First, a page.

If and when the body is recovered, that lighter will not be a factor in making the identification. The forensic approaches of Viet Nam era Graves Registration were far more sophisticated that in Korea circa December 1950.

      • PRC Dinkins was Don’s hallucination. We don’t know anything about the real Dinkins’ fate.

        • If Megan saw Don on the beach in Hawaii giving away the bride in a wedding ceremony (and took a photo of the moment), I think we can rest assured that Dinkins was real.

          (Considering some of the theories we entertain on this thread, maybe I mean “real”.)

          • Sorry I wasn’t clearer: He was real in Hawaii. He was a hallucination in California. Anything he “said” about being MIA or dead in CA was in Don’s mind.

        • I noticed that the suit jacket Don wore in the first episode of Season 6, at Dinkin’s wedding, looks like the same suit jacket he’s wearing when he talks to Dinkins, ghost or not, at the bar in this last episode. Just a comment.

          • There is a similarity, but it isn’t the same suit case. Janie Bryant talks about Don’s California jacket (an off-white silk) in the style recap for “A Tale of Two Cities” at AMC’s web-site. She said she considered using it in the Hawaii scenes, but chose a different jacket for that, and was later glad she held onto this one for California.

          • I meant “suit coat” not “suit case”!

        • I noticed that the suit jacket Don wore in the first episode of Season 6, at Dinkin’s wedding, looks like the same suit jacket he’s wearing when he talks to Dinkins, ghost or not, at the bar in this last episode. Just an observation.

  7. Great as always Anne.

    I just cannot forget the two heart attack scenes in the lobby of the Draper’s building in Episode 1.
    IMO all of these things are tied together and are going to be revealed, hopefully before the end of Season 6.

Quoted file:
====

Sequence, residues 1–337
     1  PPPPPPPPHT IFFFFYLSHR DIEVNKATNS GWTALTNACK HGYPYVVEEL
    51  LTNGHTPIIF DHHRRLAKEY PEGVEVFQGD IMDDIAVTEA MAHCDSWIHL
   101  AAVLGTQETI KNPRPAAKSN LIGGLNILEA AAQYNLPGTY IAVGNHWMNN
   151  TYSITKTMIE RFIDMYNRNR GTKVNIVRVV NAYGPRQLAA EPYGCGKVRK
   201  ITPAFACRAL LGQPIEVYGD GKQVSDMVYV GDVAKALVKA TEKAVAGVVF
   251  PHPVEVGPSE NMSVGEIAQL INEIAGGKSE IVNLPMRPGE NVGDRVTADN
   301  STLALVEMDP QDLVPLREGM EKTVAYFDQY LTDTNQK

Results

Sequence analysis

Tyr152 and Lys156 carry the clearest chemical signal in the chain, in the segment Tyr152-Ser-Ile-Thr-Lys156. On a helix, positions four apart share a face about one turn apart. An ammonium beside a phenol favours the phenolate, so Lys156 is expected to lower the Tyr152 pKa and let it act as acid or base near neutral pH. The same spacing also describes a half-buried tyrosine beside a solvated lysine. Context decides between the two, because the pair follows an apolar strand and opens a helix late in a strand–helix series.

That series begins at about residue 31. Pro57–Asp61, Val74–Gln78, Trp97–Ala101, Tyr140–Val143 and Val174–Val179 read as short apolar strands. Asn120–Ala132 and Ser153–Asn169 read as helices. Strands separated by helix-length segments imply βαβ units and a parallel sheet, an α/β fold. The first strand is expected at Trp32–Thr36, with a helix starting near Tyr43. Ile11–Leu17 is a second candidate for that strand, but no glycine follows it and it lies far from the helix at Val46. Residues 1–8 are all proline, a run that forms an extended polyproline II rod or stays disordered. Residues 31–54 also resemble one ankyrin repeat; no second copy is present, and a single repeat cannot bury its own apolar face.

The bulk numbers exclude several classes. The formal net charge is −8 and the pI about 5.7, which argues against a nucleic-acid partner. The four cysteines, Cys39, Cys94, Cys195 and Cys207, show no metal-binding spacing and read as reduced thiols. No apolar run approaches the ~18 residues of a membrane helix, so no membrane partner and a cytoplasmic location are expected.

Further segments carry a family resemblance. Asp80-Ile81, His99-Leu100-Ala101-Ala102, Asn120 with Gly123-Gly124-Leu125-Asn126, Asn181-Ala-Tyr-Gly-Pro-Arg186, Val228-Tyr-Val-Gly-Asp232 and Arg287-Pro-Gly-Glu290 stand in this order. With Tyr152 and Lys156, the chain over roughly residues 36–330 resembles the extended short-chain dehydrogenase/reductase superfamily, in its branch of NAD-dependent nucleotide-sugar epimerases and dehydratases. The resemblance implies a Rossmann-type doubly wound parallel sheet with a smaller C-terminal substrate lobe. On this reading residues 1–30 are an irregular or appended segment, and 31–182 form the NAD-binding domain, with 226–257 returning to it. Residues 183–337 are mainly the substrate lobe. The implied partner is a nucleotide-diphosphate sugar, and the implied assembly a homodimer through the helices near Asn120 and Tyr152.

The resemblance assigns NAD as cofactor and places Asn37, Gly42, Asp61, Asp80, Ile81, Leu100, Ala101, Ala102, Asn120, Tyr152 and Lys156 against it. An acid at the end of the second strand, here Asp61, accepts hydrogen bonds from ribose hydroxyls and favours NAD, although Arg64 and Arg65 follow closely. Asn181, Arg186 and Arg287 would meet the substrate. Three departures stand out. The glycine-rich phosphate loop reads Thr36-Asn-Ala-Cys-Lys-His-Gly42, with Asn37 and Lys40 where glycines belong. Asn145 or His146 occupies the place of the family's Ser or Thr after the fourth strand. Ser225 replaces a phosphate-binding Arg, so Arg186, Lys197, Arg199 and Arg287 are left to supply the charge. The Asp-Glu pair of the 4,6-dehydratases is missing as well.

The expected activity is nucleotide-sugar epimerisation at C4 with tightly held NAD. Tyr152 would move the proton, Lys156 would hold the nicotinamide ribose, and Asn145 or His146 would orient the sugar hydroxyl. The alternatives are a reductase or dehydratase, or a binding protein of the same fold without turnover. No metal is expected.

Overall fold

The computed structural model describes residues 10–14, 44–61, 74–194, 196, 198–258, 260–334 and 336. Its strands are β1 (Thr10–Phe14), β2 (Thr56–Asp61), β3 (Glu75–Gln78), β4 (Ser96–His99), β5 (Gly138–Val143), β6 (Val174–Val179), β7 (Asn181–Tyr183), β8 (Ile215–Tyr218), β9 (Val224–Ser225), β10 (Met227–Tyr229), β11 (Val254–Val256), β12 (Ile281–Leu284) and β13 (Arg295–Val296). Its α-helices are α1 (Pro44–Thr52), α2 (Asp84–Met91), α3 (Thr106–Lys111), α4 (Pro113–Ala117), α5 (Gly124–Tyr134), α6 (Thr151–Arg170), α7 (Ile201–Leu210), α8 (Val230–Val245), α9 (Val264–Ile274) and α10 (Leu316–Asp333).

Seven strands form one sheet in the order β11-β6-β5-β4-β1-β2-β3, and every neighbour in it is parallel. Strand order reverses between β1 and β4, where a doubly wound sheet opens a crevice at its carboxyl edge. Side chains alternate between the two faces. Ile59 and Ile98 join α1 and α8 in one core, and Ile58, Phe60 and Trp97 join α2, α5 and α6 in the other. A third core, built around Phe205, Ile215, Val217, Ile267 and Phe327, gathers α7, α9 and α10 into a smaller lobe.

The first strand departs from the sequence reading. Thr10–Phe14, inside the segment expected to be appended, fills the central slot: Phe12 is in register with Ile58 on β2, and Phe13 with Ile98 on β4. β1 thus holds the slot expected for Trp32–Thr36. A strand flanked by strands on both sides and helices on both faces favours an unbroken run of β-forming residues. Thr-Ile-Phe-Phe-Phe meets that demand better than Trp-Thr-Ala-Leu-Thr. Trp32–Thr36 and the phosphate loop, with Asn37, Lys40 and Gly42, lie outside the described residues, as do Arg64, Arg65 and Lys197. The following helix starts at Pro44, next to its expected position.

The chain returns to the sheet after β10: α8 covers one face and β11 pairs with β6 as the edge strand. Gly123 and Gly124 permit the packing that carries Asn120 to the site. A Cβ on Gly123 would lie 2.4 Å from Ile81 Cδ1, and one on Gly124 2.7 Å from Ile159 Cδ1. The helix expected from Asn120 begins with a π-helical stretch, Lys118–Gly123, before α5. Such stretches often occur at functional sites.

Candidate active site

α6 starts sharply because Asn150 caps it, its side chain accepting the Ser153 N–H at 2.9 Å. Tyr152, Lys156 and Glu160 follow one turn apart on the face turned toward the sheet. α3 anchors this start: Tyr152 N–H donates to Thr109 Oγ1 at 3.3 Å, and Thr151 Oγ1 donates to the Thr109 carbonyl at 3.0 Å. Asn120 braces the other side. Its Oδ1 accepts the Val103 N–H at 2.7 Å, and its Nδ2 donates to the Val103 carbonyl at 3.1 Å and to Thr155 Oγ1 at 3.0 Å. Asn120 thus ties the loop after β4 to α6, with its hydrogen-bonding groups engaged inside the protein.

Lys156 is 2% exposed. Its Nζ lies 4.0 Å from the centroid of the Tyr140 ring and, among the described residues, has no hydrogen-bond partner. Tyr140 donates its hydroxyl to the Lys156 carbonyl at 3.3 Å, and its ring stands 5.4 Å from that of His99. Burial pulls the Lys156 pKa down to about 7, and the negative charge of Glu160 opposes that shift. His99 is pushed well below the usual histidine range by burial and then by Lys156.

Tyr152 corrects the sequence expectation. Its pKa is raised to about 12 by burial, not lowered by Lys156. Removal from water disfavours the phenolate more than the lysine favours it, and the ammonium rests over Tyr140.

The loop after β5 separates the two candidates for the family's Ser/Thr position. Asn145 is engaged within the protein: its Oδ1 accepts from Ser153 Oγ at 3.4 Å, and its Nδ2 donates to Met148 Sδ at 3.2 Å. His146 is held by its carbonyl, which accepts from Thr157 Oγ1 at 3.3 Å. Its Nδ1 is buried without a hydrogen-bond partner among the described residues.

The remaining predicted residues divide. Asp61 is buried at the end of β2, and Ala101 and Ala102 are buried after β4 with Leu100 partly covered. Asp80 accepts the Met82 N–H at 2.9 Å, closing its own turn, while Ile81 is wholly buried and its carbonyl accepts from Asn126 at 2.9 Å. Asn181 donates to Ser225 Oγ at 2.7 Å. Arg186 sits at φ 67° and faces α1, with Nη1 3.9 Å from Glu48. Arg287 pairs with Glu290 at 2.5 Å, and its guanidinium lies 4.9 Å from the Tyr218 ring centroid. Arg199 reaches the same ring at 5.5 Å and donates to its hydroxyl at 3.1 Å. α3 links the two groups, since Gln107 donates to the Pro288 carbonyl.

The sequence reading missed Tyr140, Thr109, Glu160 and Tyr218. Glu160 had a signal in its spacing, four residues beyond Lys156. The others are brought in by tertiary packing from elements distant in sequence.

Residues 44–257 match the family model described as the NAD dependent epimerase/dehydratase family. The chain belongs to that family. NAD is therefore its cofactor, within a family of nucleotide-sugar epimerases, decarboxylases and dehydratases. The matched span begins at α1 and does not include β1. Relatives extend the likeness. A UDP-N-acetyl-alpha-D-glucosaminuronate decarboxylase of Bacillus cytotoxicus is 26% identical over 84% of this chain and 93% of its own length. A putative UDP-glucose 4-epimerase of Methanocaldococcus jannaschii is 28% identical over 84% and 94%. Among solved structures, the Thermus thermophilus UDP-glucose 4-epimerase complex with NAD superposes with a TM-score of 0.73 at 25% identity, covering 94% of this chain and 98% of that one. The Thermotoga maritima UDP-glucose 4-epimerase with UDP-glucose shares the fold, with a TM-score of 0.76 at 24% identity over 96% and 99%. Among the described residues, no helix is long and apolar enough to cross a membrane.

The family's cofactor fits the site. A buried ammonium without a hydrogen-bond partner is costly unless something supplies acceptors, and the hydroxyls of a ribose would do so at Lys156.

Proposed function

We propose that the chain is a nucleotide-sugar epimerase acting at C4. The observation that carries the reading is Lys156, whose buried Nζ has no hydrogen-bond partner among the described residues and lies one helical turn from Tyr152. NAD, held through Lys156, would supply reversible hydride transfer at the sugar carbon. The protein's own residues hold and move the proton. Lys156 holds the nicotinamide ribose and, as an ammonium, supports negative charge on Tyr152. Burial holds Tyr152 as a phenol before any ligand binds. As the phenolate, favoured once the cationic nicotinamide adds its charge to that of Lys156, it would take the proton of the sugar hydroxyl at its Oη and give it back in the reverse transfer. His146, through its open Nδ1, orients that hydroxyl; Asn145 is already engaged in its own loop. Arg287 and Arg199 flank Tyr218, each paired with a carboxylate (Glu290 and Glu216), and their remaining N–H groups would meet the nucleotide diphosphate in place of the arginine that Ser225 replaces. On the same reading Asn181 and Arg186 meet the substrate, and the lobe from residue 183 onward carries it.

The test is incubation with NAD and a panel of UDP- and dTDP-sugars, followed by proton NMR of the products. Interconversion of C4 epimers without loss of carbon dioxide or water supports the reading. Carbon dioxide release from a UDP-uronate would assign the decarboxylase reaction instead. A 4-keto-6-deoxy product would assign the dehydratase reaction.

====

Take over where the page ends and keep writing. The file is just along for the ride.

Please Matt…. do not let it involve a shower, snowglobe, or blank screen!

    • What if the actual real Don Draper wakes up in bed next to Anna and says “Let me tell you about the dream I just had”…will that satisfy you?

      • Very Bob Newhart!

        • Well, there was that scene in season one where they’re listening to Bob Newhart’s comedy record. Maybe there’s more to that than we know!

  8. And “Don” has a “wife” who knows he’s dead but thinks he’s MIA.

    • If you’re talking about Anna, she died but years before that she legally divorced “Don” so that he could marry Betty.

  9. Megan Draper / Sharon Tate’s murder [EDITED – Anne B].

    Much speculation was made on other blogs on the possible tie-in and hidden images in with Roman Polanski and Sharon Tate – Megan wearing the star t-shirt that was a classic photo of Sharon Tate and Sally reading Rosemary’s Baby. Last night was the super tie in as Don seemingly channeled Sharon Tate at a Hollywood hills party who spoke as if she was Tate telling Roman Polanski about her being pregnant. To pile on more possible tie-ins, Don asks “what is it” and we can maybe assume that question is lifted from Rosemary’s Baby on the “it” that was conceived in her (Rosemary’s womb) as opposed to Megan’s.

    So, without being too political, Remainder of comment deleted. – Anne B

    • Which single radical thing has Obama done as President?

    • That, and wasn’t it Mr. LaBianca who was stuck with a fork?

    • Excuse me, but I must be confused. I thought this was BoK where fans of Mad Men came to have intellegent discussion of the show; not The Drudge Report.

    • I didn’t know grizzlies killed Tate;however, the murder may have been grisly…

    • DonJR,

      I have edited your comment. Please refer to the Basket of Kisses comment policy, specifically: “In general, stick to discussions of things related to the show, not things related to our blog, other blogs, or other Basketcases.” Speculation on areas unrelated to the show (including the sitting President) is out of place here. Particularly on your first visit.

      If you’d like to discuss aspects of the show, you’re welcome to comment here. If not, there are plenty of other blogs that welcome political discussion — even of the wild-speculation kind.